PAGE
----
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Last Updated: Friday, 7 December 2007, 09:48 GMT
DR Congo army shells rebel forces
Congolese soldiers fire rocket launcher
The army is advancing on two fronts
The Democratic Republic of Congo army is using heavy artillery to continue its offensive against rebels loyal to dissident General Laurent Nkunda.

After taking control of the town of Mushake on Wednesday, Congolese troops have moved further north. Intense fighting is underway in Kingi village.

Aid workers fear that the army's use of imprecise long-range weaponry could lead to civilian casualties.

Some 200,000 people have fled fighting in eastern DR Congo, the UN says.

The BBC's Arnaud Zajtman in the regional capital, Goma, says the war has entered a new phase, with the army entering territory controlled by Gen Nkunda's forces.

He says the army is approaching rebel positions on two fronts and is also using tanks.

But our correspondent says their victory is not guaranteed.


President Joseph Kabila said in his annual state of the nation address to both houses of parliament that the uprising would be ended soon "whatever the cost".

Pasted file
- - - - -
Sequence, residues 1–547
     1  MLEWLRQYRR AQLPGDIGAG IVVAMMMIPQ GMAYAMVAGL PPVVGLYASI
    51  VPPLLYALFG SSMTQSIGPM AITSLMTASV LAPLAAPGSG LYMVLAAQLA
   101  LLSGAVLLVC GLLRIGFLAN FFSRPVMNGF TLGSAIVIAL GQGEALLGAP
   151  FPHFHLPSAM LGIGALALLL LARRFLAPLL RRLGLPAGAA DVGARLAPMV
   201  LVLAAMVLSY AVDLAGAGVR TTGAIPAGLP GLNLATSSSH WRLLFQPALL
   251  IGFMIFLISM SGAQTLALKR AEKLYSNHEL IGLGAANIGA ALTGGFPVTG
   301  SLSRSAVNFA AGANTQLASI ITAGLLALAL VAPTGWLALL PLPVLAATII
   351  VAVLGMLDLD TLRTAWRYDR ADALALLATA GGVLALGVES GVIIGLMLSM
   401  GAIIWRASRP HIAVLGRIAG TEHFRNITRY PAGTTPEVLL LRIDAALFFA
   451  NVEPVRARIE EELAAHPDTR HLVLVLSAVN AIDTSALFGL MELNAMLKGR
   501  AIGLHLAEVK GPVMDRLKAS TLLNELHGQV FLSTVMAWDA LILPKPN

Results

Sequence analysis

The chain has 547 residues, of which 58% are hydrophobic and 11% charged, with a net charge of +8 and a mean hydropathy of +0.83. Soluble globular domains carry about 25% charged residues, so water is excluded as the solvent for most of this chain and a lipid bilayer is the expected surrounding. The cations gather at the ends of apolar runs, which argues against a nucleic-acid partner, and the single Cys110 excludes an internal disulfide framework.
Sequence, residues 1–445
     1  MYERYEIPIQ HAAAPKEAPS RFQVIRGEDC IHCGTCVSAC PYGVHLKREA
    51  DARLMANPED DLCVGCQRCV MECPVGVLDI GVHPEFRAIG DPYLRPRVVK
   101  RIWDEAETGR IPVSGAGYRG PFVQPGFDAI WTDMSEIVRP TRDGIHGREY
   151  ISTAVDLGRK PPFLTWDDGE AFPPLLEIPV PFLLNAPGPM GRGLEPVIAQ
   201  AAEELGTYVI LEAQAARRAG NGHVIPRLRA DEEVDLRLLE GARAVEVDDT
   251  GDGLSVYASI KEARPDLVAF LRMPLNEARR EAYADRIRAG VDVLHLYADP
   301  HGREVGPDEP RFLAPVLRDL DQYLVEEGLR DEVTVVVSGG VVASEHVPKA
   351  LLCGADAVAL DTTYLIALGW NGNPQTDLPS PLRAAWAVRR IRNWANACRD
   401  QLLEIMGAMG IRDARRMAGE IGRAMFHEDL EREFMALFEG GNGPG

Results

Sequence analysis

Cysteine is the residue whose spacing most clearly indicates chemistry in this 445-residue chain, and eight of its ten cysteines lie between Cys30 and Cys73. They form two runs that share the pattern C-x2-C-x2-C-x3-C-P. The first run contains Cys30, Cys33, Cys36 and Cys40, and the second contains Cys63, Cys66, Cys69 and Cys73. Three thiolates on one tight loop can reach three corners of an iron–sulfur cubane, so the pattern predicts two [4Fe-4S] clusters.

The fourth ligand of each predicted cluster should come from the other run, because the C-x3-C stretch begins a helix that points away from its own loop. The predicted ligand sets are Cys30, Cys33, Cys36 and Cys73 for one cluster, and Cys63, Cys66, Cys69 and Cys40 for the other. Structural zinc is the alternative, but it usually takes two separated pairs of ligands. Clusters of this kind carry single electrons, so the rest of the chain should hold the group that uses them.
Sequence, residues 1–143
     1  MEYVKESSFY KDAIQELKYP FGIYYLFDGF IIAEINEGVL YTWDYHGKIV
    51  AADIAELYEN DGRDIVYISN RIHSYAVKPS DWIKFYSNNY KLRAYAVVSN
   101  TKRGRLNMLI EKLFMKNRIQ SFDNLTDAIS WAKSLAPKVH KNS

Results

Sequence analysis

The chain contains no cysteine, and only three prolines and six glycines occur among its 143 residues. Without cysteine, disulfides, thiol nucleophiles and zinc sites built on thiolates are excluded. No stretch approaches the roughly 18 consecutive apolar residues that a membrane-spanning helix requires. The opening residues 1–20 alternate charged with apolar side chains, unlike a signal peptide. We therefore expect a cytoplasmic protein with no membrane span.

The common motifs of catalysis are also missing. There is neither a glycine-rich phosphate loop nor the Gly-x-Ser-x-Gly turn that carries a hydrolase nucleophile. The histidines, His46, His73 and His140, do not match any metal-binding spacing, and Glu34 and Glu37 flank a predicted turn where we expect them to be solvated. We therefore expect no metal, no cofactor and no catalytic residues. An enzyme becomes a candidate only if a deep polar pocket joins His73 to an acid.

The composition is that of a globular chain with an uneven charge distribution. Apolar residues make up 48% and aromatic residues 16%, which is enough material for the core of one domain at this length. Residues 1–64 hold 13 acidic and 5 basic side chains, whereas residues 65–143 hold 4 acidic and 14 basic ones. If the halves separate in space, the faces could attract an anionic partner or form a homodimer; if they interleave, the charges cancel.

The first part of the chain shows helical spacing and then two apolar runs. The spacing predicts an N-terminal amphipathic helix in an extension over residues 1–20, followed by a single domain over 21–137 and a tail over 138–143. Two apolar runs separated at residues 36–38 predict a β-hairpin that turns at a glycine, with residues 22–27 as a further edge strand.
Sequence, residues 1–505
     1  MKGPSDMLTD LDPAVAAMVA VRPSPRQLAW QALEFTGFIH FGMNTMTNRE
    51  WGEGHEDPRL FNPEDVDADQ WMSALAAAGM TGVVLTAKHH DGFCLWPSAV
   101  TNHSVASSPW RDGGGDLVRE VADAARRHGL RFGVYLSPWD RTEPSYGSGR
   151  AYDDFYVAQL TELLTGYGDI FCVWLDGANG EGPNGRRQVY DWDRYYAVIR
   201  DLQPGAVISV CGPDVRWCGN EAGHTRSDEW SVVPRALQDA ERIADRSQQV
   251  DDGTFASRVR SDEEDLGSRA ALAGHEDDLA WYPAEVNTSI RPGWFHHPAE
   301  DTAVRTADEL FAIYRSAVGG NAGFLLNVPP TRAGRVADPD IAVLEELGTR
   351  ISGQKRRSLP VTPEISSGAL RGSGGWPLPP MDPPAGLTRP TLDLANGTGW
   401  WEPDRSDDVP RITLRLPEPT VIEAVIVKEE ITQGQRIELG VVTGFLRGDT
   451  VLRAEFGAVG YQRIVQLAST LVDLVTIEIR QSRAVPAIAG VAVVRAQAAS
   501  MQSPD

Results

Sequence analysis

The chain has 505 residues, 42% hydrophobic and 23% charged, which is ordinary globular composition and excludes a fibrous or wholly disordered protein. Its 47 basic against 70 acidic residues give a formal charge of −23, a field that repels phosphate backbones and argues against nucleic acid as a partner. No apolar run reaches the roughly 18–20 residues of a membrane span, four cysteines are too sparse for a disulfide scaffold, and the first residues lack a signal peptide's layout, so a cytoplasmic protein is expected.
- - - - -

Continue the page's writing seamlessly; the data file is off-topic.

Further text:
Our correspondent says that some 10,000 people are living in a camp near Gen Nkunda's base and there are fears he may use them as human shields.


They are mostly ethnic Tutsis - the community which Gen Nkunda says he is protecting from Rwandan Hutu rebels in the area.

The US has urged Gen Nkunda to go into exile in order to end the fighting but his spokesman denied reports that he had agreed.

"Gen Nkunda cannot make that decision without consultations, that is propaganda meant to demoralise our fighters," Brigadier Kakolele told the BBC Swahili service.

"He is Congolese and here to stay."

He also said the rebels were fighting back against government forces.

The UN mission in DR Congo (Monuc) has been providing logistical support to the Congolese army and on Tuesday said that as a last resort it would also "provide fire support" against the rebels.

The 15,000 UN soldiers in DR Congo are tasked with securing peace after a five-year conflict officially ended in 2002.

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